If you want an example of real heroes in the "war on terrorism," go to Boise, Idaho.
Look for 12
of your fellow citizens who recently spent long hours on
uncomfortable chairs in a windowless room in the local federal
These are the jurors who recently found Sami
Omar Al-Hussayen innocent of terrorism charges. They may have not
put their lives on the line chasing Taliban gunmen through remote
caves, but they are American heroes nonetheless.
you missed this case, Al-Hussayen is a 34-year-old man from Saudi
Arabia studying computer science at the University of Idaho. In
February 2003, FBI agents swept through the small, quiet, panhandle
town of Moscow, Idaho, throwing Al-Hussayen into a truck and then a
In cryptic comments to reporters, federal
prosecutors said Al-Hussayen was using computer networks to raise
money for terrorists. They couldn’t say much at the time of
arrest, they said, but ample evidence would be forthcoming.
I remember the chills I received first hearing that news.
I’m not only a University of Idaho graduate, but I grew up in
that small college town on the Palouse Prairie. My father was an
agriculture professor at the University of Idaho, who often took
foreign students under his wing. Our family dining room table
regularly hosted students from many of impoverished parts of the
world like Afghanistan, Pakistan, and the Middle East. Places today
associated with car bombs and jihads.
I was torn. On one
hand, I found the prospect of a terrorist using the friendly, open
community of Moscow as cover for plotting mass murder deeply
unsettling. On the other, as a former courtroom reporter, I wanted
facts. I’ve seen too many prosecutors melt and their cases
crumble under the spotlight of carefully examined evidence.
In times of danger, human beings are prone to panic. This
is as true of nations as it is of individuals, and the United
States is not immune. During World War II, the United States
panicked, rounding up and locking away thousands of American
citizens, depriving them of freedom and property, not because they
were criminals, but because they were of Japanese ancestry.
Of course, America was at war with Japan, but we were
also at war with Italy and Germany, and we didn’t round up
Americans with these backgrounds.
In my mind, a true hero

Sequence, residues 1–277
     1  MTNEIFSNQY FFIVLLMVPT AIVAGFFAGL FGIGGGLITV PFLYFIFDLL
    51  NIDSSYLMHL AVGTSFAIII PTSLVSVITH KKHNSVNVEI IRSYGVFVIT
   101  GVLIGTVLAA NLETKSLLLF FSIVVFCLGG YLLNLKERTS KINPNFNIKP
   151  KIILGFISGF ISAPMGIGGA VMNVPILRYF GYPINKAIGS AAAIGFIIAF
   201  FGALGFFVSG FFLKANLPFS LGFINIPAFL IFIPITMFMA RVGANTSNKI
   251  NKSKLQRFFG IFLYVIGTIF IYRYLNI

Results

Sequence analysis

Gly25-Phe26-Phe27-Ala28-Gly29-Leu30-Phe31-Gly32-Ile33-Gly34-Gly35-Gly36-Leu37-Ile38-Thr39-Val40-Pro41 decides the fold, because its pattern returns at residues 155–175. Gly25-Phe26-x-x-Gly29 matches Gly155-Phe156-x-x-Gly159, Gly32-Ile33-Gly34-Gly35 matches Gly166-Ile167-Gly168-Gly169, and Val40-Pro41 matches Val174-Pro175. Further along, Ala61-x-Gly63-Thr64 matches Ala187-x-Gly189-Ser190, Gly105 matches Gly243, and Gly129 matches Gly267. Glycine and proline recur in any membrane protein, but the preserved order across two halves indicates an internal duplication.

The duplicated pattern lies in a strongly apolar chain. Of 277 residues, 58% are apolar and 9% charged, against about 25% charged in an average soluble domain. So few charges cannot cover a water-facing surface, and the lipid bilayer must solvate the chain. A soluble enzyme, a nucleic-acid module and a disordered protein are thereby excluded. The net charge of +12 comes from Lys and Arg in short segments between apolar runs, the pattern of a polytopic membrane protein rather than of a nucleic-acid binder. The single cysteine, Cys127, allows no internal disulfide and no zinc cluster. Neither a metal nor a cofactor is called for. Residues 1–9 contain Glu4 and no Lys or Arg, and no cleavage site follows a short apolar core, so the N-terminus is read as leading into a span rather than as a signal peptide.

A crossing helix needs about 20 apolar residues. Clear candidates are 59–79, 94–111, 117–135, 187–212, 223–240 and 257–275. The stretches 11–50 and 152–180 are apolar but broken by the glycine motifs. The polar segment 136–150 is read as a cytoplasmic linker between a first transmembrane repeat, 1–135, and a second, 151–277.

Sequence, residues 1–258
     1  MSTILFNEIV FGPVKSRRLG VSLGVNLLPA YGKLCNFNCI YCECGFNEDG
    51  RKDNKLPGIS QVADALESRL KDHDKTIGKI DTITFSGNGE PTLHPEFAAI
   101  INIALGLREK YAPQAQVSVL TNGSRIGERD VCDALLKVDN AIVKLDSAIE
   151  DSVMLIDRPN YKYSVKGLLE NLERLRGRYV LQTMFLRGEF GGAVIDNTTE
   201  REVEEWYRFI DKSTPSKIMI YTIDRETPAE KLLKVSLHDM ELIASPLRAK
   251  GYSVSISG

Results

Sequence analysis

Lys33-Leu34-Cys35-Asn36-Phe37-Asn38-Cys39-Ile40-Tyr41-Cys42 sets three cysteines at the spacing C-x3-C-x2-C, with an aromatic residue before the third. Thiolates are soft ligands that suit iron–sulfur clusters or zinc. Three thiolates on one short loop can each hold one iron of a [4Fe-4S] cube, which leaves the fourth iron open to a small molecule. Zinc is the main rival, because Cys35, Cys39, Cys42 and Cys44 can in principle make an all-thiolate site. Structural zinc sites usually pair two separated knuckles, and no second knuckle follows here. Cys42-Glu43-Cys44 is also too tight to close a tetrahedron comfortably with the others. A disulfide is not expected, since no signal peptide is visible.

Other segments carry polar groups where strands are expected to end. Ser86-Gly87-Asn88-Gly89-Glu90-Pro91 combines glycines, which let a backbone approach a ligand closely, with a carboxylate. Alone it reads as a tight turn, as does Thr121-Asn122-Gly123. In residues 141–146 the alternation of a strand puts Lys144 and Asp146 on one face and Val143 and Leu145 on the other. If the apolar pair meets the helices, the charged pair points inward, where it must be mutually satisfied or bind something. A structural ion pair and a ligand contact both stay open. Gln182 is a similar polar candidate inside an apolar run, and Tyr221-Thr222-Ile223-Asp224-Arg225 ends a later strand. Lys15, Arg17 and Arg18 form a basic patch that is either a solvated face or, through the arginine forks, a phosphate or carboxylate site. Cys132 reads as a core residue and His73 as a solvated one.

is a person who doesn’t panic. He or she acts thoughtfully,
thinking of the good of everyone. That’s what those jurors
did, and in times like these, that takes guts. The easy thing would
have been to send this man — bearded, dark, foreign —
to a cell forever. It would have been easy to lump him with his
countrymen who were among the 19 terrorists who used airliners as
missiles on Sept. 11, 2001.
But the jurors knew doing so
would have given one more victory to the terrorists. They would
have forfeited precious American freedoms — the right to be
presumed innocent until proven guilty. Guilty not by suspicion, or
because the government says so, but guilty because of evidence
beyond reasonable doubt. And they would have sacrificed the freedom
to write and read what one wishes to, whether it’s in a
university library or on your personal computer.
was a lack of hard evidence,'' juror John Steger told the
Associated Press. "There was no clear-cut evidence that said he was
a terrorist, so it was all on inference.''
Some folks may
have been surprised by the jury’s verdict. After all, Idaho
is known more for its neo-fascists than its civil libertarians. But
I wasn’t surprised.
This case was highlighted as an
early case study of the USA Patriot Act, the aggressive law aimed
at stemming terrorism. The law is criticized by many as being too
hard on civil rights. In other parts of the nation, groups on the
left, such as the American Civil Liberties Union, have criticized
the law. In Idaho, a staunchly conservative Republican, Rep. Butch
Otter, has been the leading critic of the Patriot Act.
Idahoans may not like rules much. They may be a bit cold to folks
who are different from them. They may not take to a lot of new
ideas sprouting out of the cities. But they know freedom, and in
this case, they defended it.